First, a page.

Saturday, April 1, 2017

Review Salt Free Water Softeners

Compare Salt Water Softeners and Salt-free Water Softeners Before You Buy

If your water contains high concentrations of calcium, magnesium and other “hard” minerals, you can be sure it’s leaving rigid, crusty deposits called scale on the inside of your pipes and appliances. If left untreated, this scale will eventually:
  • Clog your pipes and reduce water pressure
  • Reduce the life of your dishwasher, hot water tank and washing machine
In addition, hard water decreases cleaning efficiency because it lessens soap lather, forms scum, and leaves noticeable rings in bathtubs, showers, and sinks. It also requires the use of additional cleaning agents and chemical water softening products.
Salt Water Softeners
Water treatment specifically for “softer,” water has existed for more than 100 years. The first water softener, unveiled in 1903, introduced the concept of ion exchange, which involves replacing hard-water minerals with sodium ions. Still widely used today, ion exchange or salt water softeners operate by binding negatively charged sodium, potassium or hydrogen resin to positively charged metal ions, drawing the hard minerals out of the water. Salt water softeners still remain the most affordable means to treat all the water in your home.
To continue optimal performance, salt water systems require regular regeneration with brine (salt). The frequency of regeneration largely depends on how many people use the water in your home and how hard your water is. Regeneration can be conveniently scheduled by meter, timer, and manual start.
Salt-free Water Softeners or Descalers
Over the years, other water treatment options have been developed, including a number of so called salt-free systems. These systems sound appealing because they claim to:
  • Eliminate the need for salt
  • Save you money
  • Minimize concerns you may have about the sodium levels in your water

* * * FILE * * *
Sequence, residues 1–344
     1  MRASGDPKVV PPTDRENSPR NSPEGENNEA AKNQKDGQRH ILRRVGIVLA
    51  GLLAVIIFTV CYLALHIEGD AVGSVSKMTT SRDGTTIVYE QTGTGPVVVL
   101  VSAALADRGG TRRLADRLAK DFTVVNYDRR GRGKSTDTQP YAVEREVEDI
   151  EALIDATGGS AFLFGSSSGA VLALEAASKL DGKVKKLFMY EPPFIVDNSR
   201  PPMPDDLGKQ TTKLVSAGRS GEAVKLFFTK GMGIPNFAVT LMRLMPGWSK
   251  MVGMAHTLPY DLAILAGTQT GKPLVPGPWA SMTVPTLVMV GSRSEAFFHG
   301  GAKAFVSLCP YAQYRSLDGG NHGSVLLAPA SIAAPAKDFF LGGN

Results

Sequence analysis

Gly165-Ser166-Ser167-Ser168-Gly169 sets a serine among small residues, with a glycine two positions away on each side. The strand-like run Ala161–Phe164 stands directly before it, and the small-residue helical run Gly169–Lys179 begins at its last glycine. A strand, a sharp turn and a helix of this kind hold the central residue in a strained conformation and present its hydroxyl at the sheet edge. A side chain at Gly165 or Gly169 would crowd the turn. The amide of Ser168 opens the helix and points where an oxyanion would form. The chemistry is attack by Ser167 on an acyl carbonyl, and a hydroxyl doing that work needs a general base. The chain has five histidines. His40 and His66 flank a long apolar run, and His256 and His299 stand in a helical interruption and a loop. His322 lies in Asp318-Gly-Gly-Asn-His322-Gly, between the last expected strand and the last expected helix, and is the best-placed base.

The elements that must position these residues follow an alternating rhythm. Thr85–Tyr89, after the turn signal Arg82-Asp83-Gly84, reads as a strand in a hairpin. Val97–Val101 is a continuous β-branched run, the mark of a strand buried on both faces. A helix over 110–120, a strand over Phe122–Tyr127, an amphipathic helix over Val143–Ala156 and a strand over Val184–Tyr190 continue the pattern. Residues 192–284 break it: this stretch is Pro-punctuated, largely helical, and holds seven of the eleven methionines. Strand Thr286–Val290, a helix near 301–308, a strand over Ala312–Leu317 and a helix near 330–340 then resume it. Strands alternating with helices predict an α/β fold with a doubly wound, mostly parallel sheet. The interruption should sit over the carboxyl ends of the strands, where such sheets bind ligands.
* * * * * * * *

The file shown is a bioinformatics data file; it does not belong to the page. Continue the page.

Electromagnetic and catalytic water softeners are two common types of salt-free systems, with catalytic being the more recent design. However, neither one actually removes hard-water minerals from your water. The catalytic type, in theory, uses a process known as epitaxial crystallization to change calcium from a form that deposits scale (calcite) to a form that does not (aragonite). With electronic or magnetic systems, water’s calcium and magnesium ions are purportedly altered by passing through a magnetic field. Manufacturers of these types of water treatment systems offer anecdotal evidence of their effectiveness; however, traditional water tests cannot support their claims.
Stephen Lower, Ph.D., a retired professor of physical chemistry from Canada’s Simon Fraser University, notes that neither magnetic nor catalytic salt-free systems have been proven to work scientifically.
“There is a fairly extensive scientific literature on [epitaxial crystallization], mostly relating to self-assembling structures that have nothing to do with water treatment. With regard to water treatment, theory and practice seem to widely depart; I am not aware of any reports in the reputable literature that this scheme has been shown to be effective in preventing scale formation.”
Lower further explains that catalytic systems only work when water is supersaturated in calcium or magnesium, reducing the mineral content to simply the saturation level. They cannot prevent scale deposits on surfaces at higher temperatures or eliminate scum and evaporation rings. More..

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